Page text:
I have lived in north Alabama or Georgia since 1960 (except for a year in Pensacola, FL 1992-1993), and I remember that every 3-4 years we would have a very cold spell, like 3F. (The coldest I remember was one time it got down to -11F.) But it hasn't gotten down to anywhere as cold a 3F for years.


Posted by: JeffMasters, 4:14 PM GMT on January 13, 2012

The year 2011 was the tenth warmest year on record for the globe, but the warmest year on record when a La Niña event was present (Ricky Rood has a discussion of this in his lastest post.) Seven nations and one territory broke all-time hottest temperature records. This is a far cry from 2010 (which tied for the warmest year on record), when twenty nations (plus one UK territory) set all-time hottest temperature records. One all-time coldest temperature record was set in 2011; this was the first time since 2009 one of these records was set. The all-time cold record occurred in Zambia, which ironically also set an all-time hottest temperature record in 2011. Here, then, are the most most notable extreme temperatures globally in 2011, courtesy of weather records researcher Maximiliano Herrera:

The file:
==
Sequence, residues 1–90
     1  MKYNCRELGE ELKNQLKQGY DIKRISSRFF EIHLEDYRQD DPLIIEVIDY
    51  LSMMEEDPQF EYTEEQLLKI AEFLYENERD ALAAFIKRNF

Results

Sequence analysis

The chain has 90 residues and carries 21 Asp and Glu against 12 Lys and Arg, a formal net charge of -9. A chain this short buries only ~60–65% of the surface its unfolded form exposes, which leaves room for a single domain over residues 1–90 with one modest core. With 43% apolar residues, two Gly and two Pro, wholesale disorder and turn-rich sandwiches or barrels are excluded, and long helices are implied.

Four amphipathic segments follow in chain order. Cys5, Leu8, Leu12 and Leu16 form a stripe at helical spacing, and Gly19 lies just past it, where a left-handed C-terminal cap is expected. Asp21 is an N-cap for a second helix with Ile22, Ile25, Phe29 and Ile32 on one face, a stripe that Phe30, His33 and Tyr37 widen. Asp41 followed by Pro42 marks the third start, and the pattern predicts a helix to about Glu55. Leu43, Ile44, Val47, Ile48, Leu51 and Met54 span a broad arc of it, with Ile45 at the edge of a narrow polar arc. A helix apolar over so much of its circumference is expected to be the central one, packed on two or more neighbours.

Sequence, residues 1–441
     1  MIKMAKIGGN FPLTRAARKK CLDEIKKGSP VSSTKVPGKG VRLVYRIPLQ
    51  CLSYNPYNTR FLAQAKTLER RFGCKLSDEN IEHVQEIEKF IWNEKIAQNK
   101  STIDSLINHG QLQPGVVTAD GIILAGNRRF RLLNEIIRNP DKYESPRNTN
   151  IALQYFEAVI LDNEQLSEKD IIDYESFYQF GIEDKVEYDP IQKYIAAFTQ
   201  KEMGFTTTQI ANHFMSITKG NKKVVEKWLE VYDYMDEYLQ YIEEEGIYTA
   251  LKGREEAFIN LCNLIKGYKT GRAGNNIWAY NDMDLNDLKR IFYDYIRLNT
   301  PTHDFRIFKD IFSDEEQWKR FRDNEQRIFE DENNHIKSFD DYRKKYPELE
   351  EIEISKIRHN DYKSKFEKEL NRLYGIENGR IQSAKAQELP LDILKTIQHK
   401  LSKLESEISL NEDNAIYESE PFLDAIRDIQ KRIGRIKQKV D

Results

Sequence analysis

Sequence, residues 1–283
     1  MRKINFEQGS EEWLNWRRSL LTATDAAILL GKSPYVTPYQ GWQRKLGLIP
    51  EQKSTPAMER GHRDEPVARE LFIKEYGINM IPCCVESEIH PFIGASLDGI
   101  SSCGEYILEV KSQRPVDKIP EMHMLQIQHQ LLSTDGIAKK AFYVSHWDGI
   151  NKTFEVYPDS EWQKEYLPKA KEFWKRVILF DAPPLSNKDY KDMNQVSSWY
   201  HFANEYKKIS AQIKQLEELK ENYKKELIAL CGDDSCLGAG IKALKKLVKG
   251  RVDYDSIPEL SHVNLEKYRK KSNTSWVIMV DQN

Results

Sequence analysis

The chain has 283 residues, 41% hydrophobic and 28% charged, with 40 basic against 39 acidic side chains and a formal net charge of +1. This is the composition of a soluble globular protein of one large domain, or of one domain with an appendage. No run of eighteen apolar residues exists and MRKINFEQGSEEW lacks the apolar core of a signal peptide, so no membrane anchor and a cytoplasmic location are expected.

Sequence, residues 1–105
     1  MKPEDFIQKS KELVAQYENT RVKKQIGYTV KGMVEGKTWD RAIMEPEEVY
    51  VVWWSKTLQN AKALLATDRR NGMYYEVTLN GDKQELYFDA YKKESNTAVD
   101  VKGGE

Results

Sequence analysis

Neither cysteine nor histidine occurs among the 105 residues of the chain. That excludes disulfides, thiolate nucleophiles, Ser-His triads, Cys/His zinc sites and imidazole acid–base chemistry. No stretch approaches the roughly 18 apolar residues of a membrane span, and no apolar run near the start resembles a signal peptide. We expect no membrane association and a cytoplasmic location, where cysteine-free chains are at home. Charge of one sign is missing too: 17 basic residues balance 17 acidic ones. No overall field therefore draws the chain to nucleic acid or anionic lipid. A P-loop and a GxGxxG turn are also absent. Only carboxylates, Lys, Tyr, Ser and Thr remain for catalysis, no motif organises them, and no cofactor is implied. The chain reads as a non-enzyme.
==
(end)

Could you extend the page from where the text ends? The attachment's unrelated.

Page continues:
Hottest temperature in the world in 2011: 53.3°C (127.9°F) in Mitrabah, Kuwait, August 3
Coldest temperature in the world in 2011: -80.2°C (-112.4°F) at Dome Fuji, Antarctica, September 18
Hottest temperature in the Southern Hemisphere: 49.4°C (120.9°F) at Roebourne, Australia, on December 21
Coldest temperature in the Northern Hemisphere: -67.2°C (-89°F) at Summit, Greenland, March 18. This is also the coldest March temperature ever recorded in the Northern Hemisphere.
Hottest undisputed 24-hour minimum temperature in world history: A minimum temperature of 41.7°C (107°F) measured at Khasab Airport in Oman on June 27